TOKYO -- Corporate Japan is on another English drive.
But the latest moves to adopt English come with softer policies that take into account employees' positions and comfort with the language.
This means Japanese will not be completely prohibited in workplace communications. Japanese employees at companies now adopting English can still use their mother tongue depending on the situation. And less-fluent English speakers will not be made to feel overburdened.
The edicts are coming down as the boundary between domestic and overseas operations blurs.
Skin care and cosmetics maker Shiseido is a case in point. It began transitioning to English on Oct. 1. About 2,500 employees at its global headquarters in Tokyo and Shiseido Japan, a unit overseeing domestic operations, are now being urged to email and conduct meetings in English as long as one non-Japanese is involved.
Shiseido will treat English as its "semiofficial" language. The new rule will allow Japanese employees to use their native language among themselves.
Shiseido's globalization began accelerating in 2016, when it set up regional main offices in the U.S., Europe and China. Half of the company's sales now come from overseas.
Communicating in English is becoming unavoidable at the cosmetics maker's Japan operations, which are handling a growing number of foreign tourists and overseas customers who shop online.
Shiseido has set a nonbinding target for all its employees: achieving a TOEIC English proficiency score of 730, a level at which everyday conversations are easily managed.
The company will shoulder all the expenses of English lessons for those wishing to take classes.
It also wants its employees to relax. "Not everyone has to be able to speak like native English speakers," President Masahiko Uotani said.
The company considers the language policy a step toward "becoming the top cosmetics maker in Asia," as spelled out its management vision through 2030.
Honda Motor plans to make English its official language by 2020. In global meetings, speakers will be required to use English. In addition, emails sent across a region will have to be in English. In the future, Honda plans to make promotions conditional on one's English abilities.
Corporate Japan's first converse-in-English movement hit in 2010, when Rakuten and Fast Retailing, both aggressively expanding their overseas operations, declared they would switch their official language in 2012.
The results have been mixed.
In 2017, Rakuten employees' average TOEIC score was over 830, up from 526 in 2010.
Chairman and CEO Hiroshi Mikitani credits the policy with allowing Rakuten, known for its online shopping platform, for being "able to assemble talented personnel from abroad."
Foreigners now account for 80% of Rakuten's newly hired engineers.
But there has been a negative side to obliging managers to obtain certain test scores and recommending that all conversations be held in English: Some middle-aged and older employees came to believe that good English was a prerequisite to moving up the company ladder and took their careers elsewhere.
Recently, Rakuten began allowing employees to use Japanese or English based on the situation.
Fast Retailing, known for its Uniqlo stores, also mandated certain TOEIC scores, mainly for managers, but has not demoted or otherwise punished those who have failed to meet the requirement.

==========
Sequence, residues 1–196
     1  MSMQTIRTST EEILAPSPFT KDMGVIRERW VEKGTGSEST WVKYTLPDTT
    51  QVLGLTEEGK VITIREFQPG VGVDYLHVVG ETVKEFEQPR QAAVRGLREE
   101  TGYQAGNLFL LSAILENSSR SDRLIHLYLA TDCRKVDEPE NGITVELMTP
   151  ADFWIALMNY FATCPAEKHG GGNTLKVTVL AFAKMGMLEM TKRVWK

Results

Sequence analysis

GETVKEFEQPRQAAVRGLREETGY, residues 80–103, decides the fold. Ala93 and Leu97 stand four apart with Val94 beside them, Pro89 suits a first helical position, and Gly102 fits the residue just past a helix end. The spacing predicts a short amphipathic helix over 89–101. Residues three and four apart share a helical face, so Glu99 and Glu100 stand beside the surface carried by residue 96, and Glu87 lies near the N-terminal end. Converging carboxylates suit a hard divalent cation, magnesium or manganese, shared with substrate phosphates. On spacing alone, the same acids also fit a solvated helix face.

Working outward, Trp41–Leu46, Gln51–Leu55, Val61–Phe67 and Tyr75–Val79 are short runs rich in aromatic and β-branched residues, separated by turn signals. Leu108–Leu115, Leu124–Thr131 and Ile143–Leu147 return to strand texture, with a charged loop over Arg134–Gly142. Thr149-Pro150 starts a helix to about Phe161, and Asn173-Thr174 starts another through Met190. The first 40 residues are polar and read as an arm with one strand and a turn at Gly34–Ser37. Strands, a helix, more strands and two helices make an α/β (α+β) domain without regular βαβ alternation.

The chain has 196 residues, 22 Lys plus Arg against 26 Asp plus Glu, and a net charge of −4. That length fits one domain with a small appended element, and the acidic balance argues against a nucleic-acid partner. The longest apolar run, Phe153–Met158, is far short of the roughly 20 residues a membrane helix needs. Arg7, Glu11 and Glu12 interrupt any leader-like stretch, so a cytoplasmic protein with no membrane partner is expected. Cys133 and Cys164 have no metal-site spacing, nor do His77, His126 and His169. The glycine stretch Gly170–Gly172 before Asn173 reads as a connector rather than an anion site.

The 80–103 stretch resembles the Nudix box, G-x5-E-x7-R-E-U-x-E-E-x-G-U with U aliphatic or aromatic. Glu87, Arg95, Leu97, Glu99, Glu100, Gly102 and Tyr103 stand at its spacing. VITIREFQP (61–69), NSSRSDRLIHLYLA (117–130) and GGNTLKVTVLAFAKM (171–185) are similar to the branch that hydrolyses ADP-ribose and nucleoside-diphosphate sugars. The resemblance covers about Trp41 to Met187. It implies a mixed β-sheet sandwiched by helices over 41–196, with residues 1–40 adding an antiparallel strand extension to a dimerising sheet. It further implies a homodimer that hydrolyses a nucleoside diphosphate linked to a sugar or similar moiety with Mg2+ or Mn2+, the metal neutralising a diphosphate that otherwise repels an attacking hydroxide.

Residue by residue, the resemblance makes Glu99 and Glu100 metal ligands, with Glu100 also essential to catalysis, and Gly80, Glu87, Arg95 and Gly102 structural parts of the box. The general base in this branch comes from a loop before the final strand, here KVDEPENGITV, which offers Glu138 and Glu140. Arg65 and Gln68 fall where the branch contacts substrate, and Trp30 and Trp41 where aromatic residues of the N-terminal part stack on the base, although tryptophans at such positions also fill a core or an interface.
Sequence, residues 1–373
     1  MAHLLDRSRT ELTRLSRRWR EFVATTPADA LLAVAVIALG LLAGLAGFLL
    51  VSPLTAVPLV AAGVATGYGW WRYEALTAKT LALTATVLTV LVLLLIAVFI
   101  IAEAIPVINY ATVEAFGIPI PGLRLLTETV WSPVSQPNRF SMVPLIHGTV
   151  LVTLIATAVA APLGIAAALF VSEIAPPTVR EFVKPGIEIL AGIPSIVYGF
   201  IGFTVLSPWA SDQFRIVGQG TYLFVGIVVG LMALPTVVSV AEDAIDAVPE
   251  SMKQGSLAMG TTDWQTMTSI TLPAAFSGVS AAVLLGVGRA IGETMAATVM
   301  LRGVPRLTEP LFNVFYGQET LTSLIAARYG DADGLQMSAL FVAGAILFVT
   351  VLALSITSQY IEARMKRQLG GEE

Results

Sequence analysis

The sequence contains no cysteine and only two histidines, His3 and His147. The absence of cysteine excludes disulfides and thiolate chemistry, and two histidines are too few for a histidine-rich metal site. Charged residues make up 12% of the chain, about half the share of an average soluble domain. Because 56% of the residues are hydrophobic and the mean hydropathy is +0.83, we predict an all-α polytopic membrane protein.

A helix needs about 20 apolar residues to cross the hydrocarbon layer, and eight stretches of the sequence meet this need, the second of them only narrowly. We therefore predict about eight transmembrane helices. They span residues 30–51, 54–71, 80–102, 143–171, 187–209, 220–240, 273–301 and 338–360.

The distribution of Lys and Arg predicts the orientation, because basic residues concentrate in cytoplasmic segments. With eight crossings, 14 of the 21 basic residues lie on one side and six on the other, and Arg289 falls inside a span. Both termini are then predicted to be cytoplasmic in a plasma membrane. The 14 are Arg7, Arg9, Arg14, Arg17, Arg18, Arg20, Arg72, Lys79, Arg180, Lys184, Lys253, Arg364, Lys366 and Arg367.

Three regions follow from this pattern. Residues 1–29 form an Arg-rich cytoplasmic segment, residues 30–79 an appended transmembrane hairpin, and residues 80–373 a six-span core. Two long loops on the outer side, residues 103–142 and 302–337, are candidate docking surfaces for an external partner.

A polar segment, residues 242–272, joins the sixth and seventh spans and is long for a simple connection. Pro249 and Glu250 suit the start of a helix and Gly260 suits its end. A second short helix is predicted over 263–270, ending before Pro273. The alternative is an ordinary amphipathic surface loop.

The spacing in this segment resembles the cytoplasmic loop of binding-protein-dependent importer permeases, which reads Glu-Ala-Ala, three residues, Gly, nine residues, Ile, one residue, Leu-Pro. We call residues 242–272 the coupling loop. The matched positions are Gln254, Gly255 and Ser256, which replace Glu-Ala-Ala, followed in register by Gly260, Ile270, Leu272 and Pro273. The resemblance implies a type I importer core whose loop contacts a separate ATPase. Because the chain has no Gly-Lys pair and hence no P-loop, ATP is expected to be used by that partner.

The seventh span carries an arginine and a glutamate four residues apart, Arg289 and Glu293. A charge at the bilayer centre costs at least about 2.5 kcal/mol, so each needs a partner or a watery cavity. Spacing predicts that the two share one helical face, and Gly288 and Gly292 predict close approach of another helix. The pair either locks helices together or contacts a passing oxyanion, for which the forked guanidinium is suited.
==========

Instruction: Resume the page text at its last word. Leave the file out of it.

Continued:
Sato Holdings, a maker of label printers, in 2013 announced that English would be the company's official language. The goal was for all employees to score 571 on an online proficiency test known as the CASEC. That result is considered equivalent to a 500 on the TOEIC. There was also a deadline -- 2020.
But the company has since had second thoughts.
"We are planning to set different targets depending on one's assignment," a Sato Holdings official said.
Companies are launching organizationwide attempts to improve employees' English skills while avoiding the side effects that Rakuten provoked, like undermining the motivation of less bilingual employees.
For now, Shiseido and Honda will not negatively evaluate personnel who fail to reach English proficiency targets.
Generally speaking, Japanese people have relatively low English skills. Japanese test-takers' average TOEIC score in 2017 was 517. Germans had the best nonnative English skills with an average score of 800.
South Koreans' average TOEIC score was 676 that year. In China, the average was 600.
Switching the workplace language to English carries risks, like widening the generation gap.
An official of Tryon, which provides corporate English lessons, said 20-somethings make up the largest percentage of people who score 600 or higher on the TOEIC. At some companies, twice as many employees in their 20s reach this level than employees in their 40s.
This shows that younger employees have reaped the benefits of Japanese schools' beefed-up English curriculum.
Japanese companies find themselves in something of a dilemma. The global economy insists that they boost their international competitiveness. Packing their ranks with English speakers would go a long way in this regard. At the same time, however, they are dealing with a labor crunch at home and cannot afford to scare off employees by making them speak unfamiliar languages.
The solution is to offer workers continuous training and support.